SARAH TRE­LEAVEN Writer

How one Cana­dian’s New York City bak­ery braids to­gether women from around the world.

Elle (Canada) - - Guest list - BY SARAH TRE­LEAVEN

THE GIG Tre­leaven, who splits her time be­tween Toronto and Jerusalem, high­lights the NYC bak­ery that’s em­pow­er­ing low-in­come

im­mi­grant women. MOM’S KITCHEN “I fondly re­mem­ber watch­ing my mother whip up all kinds of amaz­ing dishes. She im­pressed

upon me a true pas­sion for food.” n

when Clarisse Sango was grow­ing up in Burk­ina Faso, she of­ten helped bake bread us­ing black beans soaked in wa­ter and then ground into a paste. But when she set out for New York City six years ago, she had few pro­fes­sional qual­i­fi­ca­tions. Six months ago, she joined the Hot Bread Kitchen’s Bak­ers in Train­ing pro­gram at the be­hest of a friend. “I’ve al­ready learned so much about so many breads I never knew about be­fore, like nan and lavash,” says Sango, 25. She also ap­pre­ci­ates the chance to im­prove both her English and her in­ter­view­ing skills through or­ga­nized work­shops and hopes to one day open her own small bak­ery.

Jes­samyn Wald­man Ro­driguez, a Cana­dian liv­ing in Har­lem, started Hot Bread Kitchen in her own small kitchen in 2007. Ro­driguez, 39, grew up bak­ing chal­lah in Toronto with her mother and, as a pas­sion­ate foodie, has long loved bread mak­ing; plus, she has al­ways been in­ter­ested in so­cial jus­tice. So she came up with a vi­sion for a bak­ing col­lec­tive that would sup­port low-in­come and im­mi­grant women. “Fresh-baked bread is won­der­ful—it is an ex­pres­sion of true love and the most el­e­men­tal of foods,” says Ro­driguez. Be­cause most cul­tures have a sta­ple starch, she says, peo­ple quickly “get” the idea be­hind Hot Bread Kitchen. “They have a mother, a grand­mother, an aunt or a sis­ter who bakes fresh bread for them, and they can feel the love baked into our mis­sion.”

Ro­driguez found the idea of women bak­ing to­gether while help­ing one an­other so power­ful that she made Hot Bread Kitchen into a non-profit: There’s a com­mer­cial bak­ery,

which op­er­ates out of La Mar­queta in East Har­lem and bakes and sells dozens of breads from around the world, from Jewish bialys to Moroc­can m’smen ( their most pop­u­lar prod­uct); there’s a small-busi­ness culi­nary in­cu­ba­tor, which pro­vides a shared kitchen and ed­u­ca­tional work­shops; and there’s the Bak­ers in Train­ing pro­gram, which em­ploys women in nine-month teach­ing cy­cles at a store­front bak­ery in Brook­lyn. Many of the women in­volved in the train­ing pro­gram are new im­mi­grants, have lit­tle for­mal pro­fes­sional ex­pe­ri­ence or have been in­car­cer­ated in the past— all bar­ri­ers to em­ploy­ment. Post-grad­u­a­tion, women are placed in full-time jobs with ben­e­fits, of­ten with cor­po­rate food-in­dus­try part­ners like Whole Foods and Fair­way Mar­ket. Hot Bread Kitchen has now trained over 100 women from 26 coun­tries and has a staff of 60 peo­ple.

In Oc­to­ber, Ro­driguez pub­lished The Hot Bread Kitchen Cook­book, a col­lec­tion of recipes and first-per­son sto­ries from the bak­ery. “I now feel like I have an ar­ti­fact for what the dream re­ally was and is,” she says. In ad­di­tion to recipes for, and dreamy pic­tures of, whole-wheat cha­p­atis, pan de muer­tos and olive boules, there are com­ple­men­tary recipes like Reubens with Sriracha Spe­cial Sauce and Grilled Cheese French Toast.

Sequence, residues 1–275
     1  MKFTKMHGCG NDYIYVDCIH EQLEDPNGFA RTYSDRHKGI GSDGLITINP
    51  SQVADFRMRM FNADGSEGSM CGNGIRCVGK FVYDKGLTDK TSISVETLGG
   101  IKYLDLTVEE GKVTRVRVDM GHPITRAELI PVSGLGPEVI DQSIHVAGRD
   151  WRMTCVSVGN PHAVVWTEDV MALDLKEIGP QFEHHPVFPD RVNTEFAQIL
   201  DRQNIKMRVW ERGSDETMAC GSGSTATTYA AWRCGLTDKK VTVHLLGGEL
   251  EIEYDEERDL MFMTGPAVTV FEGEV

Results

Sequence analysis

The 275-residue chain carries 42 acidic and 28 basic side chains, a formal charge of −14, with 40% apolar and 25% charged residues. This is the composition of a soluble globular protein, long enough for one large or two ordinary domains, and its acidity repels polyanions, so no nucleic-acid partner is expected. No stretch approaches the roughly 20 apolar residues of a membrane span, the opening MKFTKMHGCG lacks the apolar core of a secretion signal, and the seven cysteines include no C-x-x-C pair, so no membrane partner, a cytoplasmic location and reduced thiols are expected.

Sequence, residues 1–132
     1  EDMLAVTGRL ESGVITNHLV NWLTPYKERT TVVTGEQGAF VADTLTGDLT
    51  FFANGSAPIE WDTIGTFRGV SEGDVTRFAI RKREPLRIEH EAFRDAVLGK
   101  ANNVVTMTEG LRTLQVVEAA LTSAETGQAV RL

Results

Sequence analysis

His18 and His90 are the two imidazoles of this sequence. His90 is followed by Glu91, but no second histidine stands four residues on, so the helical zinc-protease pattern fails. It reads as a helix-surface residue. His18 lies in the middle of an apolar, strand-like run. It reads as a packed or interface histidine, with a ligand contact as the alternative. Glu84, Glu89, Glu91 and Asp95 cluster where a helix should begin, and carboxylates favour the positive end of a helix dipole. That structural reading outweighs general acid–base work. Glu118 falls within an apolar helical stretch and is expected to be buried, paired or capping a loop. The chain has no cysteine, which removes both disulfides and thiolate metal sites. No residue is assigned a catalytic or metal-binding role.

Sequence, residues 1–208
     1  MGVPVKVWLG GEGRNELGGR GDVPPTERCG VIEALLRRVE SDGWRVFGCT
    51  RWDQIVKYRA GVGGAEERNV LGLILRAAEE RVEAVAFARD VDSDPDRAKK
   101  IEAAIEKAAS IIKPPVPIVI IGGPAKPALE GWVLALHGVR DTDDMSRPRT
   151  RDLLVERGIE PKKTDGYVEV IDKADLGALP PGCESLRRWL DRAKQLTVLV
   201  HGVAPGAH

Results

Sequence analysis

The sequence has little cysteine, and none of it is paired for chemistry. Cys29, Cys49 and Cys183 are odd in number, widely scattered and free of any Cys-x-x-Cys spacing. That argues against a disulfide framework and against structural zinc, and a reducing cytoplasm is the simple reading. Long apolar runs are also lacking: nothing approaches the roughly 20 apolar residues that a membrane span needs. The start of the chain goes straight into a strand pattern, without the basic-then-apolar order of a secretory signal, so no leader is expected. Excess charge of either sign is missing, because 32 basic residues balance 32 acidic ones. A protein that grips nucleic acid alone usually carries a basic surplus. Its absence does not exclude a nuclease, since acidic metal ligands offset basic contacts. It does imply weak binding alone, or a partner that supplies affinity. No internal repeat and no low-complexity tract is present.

Ro­driguez grew up in Toronto, but she moved to New York City in 2002 to pur­sue a mas­ter’s de­gree in pub­lic ad­min­is­tra­tion at Columbia Univer­sity. She later did stints at both the United Na­tions, do­ing re­search on mi­gra­tion and hu­man traf­fick­ing, and Canada’s Depart­ment of For­eign Affairs, in the land-mine divi­sion. “But the whole time, this bak­ing idea was proof­ing in my mind,” she says. She de­cided to start with tor­tillas, as she had lived in Latin Amer­ica and de­vel­oped an ap­pre­ci­a­tion for the tech­nique of hand-grind­ing the masa and then hand-press­ing each tor­tilla. So, in New York, she sought out women who could repli­cate those tor­tillas. When that be­came too labour-in­ten­sive—and too ex­pen­sive—she in­vested in a tor­tilla pro­duc­tion line. Nancy Men­dez, a Hot Bread Kitchen grad­u­ate who has been mak­ing corn tor­tillas since she was a 12-year-old liv­ing in Pue­bla, Mex­ico, now over­sees that line and can ad­just the dough by sim­ple touch.

Marie Pois­son, 64, a Haitian im­mi­grant, had never worked in a kitchen be­fore she joined Hot Bread Kitchen in 2010. Now a grad­u­ate of the pro­gram, she helps su­per­vise trainees. “It’s so help­ful for im­mi­grants like me,” she says. “It gives me op­por­tu­ni­ties and the power to change things.”

Ro­driguez’s work is not with­out its chal­lenges. She no longer bakes ev­ery day; she deals with op­er­a­tional de­tails in­stead. “Bread is time­sens­itive, tem­per­a­ture-sen­si­tive and lo­gis­ti­cally com­pli­cated,” she says. “I al­ways joke that my next pro­ject will in­volve laun­dry.” Still, she has set her sights on ex­pan­sion. Hot Bread Kitchen just in­creased its space in East Har­lem by 50 per­cent to 700 square me­tres in or­der to ac­com­mo­date a big­ger culi­nary in­cu­ba­tor. “The women we work with leave with more money than they came in with,” says Ro­driguez, “but they also leave with an in­tan­gi­ble boost to their self-con­fi­dence.” n

The Hot Bread Kitchen Cook­book is the bak­ery’s first col­lec­tion of recipes, which also in­cludes first-per­son tales from the bak­ers and pho­to­graphs of them at work (above).

Nan-e qandi (right) is an Ira­nian bread made with but­ter, milk and honey.

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